CEOs say the US economy will be underperforming during the next six months, according to the 3rd quarter 2014 CEO Economic Outlook Index published by the Business Roundtable.
The Survey, which included 135 CEOs (Chief Executive Officers), was conducted from August 11th to 29th. The participating CEOs collectively post $7.4 trillion in annual sales and employ more than 16 million workers. Their six-month plans have a major impact on the country’s economy.
The Index provides a picture of the future direction of the American economy based on CEOs’ plans for hiring, capital spending and sales.
The Index fell marginally in the latest quarter of 2014, with plans for hiring, sales and capital spending all declining compared to the previous quarter. Hiring plans posted the sharpest fall.
According to the survey, just 34% of all the CEOs interviewed expect to hire more people during the next six months, compared to 43% in the previous quarter. Twenty percent plan to reduce their workforce, from 14% in the last quarter.
The percentage planning higher capital expenditure also declined, to 39% from 44%.
US economy underperforming
Randall Stephenson, chairman of Business Roundtable, and also CEO at AT&T, said:
“While some U.S. economic indicators are improving moderately, the results from our survey of CEOs seem to reflect an underperforming U.S. economy held back by policy uncertainty and growing conflicts around the world.”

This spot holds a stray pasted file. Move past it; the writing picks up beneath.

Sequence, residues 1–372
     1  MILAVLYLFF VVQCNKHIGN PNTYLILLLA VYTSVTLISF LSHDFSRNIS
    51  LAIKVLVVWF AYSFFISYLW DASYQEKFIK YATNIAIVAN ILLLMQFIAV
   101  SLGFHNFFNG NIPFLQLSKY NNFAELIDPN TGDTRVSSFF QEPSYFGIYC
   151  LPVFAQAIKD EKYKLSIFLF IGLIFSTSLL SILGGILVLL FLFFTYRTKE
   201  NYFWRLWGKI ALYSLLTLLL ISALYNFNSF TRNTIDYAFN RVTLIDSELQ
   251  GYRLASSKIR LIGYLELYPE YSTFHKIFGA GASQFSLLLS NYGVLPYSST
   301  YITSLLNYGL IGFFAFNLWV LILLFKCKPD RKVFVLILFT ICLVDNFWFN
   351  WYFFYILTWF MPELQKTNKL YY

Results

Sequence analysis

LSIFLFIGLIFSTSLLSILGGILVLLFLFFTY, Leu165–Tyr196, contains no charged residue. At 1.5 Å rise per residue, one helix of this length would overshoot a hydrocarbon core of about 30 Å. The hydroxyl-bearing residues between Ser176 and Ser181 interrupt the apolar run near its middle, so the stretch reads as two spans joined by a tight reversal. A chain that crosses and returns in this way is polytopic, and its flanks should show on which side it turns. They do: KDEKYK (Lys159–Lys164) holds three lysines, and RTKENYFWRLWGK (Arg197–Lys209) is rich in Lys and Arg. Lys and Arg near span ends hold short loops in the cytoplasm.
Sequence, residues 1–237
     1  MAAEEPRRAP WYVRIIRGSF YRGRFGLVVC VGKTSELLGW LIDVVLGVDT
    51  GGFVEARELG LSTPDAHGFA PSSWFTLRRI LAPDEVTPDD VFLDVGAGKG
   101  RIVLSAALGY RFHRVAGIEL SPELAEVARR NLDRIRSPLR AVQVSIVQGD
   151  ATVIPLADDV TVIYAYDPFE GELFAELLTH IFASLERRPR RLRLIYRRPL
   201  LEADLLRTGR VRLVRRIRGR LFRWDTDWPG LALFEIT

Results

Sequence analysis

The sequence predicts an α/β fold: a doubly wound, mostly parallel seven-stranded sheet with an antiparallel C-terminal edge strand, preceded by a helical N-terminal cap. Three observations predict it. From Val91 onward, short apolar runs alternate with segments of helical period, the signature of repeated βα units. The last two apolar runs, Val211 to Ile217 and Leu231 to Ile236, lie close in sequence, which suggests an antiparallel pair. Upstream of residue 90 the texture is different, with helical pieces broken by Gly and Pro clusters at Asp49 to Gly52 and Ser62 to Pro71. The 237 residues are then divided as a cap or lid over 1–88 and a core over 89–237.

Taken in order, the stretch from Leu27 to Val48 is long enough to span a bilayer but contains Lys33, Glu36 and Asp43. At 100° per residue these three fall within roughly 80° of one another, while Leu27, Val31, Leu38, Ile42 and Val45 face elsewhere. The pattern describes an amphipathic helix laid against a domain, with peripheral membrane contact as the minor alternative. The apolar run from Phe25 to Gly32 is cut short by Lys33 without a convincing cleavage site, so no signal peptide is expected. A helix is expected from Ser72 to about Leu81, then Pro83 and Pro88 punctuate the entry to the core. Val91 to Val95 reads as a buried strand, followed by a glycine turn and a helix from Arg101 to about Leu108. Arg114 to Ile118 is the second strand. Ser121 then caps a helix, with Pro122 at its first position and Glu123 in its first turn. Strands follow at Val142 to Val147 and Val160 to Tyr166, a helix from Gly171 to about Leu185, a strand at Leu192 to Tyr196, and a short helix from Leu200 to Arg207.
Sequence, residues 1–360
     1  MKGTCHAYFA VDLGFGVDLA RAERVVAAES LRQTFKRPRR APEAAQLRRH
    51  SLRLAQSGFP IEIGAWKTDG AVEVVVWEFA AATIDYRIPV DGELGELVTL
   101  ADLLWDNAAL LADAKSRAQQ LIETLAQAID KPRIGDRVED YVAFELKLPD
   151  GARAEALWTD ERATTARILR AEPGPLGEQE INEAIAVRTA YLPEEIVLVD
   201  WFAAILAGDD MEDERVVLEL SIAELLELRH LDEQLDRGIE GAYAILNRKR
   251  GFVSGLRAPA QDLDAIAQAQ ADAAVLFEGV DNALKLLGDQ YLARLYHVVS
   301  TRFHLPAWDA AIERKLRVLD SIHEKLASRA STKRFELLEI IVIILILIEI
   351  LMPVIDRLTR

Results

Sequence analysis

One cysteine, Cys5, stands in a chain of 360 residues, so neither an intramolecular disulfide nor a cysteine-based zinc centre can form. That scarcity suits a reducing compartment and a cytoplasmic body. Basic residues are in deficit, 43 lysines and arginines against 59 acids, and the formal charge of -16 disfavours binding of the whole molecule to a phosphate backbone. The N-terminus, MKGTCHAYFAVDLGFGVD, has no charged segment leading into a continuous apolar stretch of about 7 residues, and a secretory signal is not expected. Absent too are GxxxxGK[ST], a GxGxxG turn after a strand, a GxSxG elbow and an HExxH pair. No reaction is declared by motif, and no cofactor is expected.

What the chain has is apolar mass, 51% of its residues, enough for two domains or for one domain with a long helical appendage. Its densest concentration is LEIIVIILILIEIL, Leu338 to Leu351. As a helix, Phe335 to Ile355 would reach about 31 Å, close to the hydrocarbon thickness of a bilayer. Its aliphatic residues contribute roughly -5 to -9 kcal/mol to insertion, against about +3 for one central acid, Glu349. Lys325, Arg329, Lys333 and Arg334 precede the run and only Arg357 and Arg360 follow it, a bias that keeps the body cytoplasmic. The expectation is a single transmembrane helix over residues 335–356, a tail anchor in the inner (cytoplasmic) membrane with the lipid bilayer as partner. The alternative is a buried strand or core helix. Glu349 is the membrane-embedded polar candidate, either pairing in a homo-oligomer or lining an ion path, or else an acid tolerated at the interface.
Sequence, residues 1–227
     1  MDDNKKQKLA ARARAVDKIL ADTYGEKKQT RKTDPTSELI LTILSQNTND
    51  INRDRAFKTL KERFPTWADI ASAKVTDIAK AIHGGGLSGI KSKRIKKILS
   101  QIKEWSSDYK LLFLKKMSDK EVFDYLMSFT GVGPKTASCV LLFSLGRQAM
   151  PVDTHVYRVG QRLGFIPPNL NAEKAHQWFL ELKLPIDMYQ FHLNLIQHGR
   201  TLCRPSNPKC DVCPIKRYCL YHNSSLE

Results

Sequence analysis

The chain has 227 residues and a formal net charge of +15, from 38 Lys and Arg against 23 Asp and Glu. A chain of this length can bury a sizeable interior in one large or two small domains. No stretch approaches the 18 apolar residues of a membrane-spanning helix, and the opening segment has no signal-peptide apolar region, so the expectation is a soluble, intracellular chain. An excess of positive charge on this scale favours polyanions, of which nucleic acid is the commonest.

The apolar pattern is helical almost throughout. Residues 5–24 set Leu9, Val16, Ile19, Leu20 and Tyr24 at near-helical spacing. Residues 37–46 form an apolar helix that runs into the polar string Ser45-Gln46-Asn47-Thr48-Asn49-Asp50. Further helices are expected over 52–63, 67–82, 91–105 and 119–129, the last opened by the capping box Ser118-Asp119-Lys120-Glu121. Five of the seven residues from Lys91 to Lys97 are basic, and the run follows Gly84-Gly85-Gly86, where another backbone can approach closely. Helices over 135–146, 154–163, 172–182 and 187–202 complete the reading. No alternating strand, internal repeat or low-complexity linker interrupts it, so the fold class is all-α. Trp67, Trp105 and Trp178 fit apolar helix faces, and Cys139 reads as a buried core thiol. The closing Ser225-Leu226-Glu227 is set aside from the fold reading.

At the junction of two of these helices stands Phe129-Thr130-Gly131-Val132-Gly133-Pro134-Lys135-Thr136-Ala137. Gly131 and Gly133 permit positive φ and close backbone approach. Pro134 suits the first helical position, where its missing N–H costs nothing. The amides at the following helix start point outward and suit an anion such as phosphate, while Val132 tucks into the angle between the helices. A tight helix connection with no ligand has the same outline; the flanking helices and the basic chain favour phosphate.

CEOs’ forecast for 2014 GDP growth is now 2.4%, compared to 2.3% in the last quarter.
Mr. Stephenson said the US economy is still performing below its potential. While the country faces a number of economic problems, growth remains the key priority.
“We believe Congress and the Administration must focus on policies that drive economic growth, including tax reform, immigration reform, trade expansion and long-term fiscal stability,” he said.
(Data Source: 2014 CEO Economic Outlook Index)
The Survey found that the vast majority of CEOs (almost 90%) believe that tax reform – including having a corporate tax rate of 25% and a competitive territorial tax system – would boost investment and encourage companies to expand their operations in the United States.
The US has the highest corporate tax rate in the world.
The CEO Economic Outlook Index – a composite of how CEOs predict the next six months regarding employment, capital spending and sales – fell in Q3 2014 to 86.4, compared to 95.4 in Q2. The Index’ long-term average is 80.2.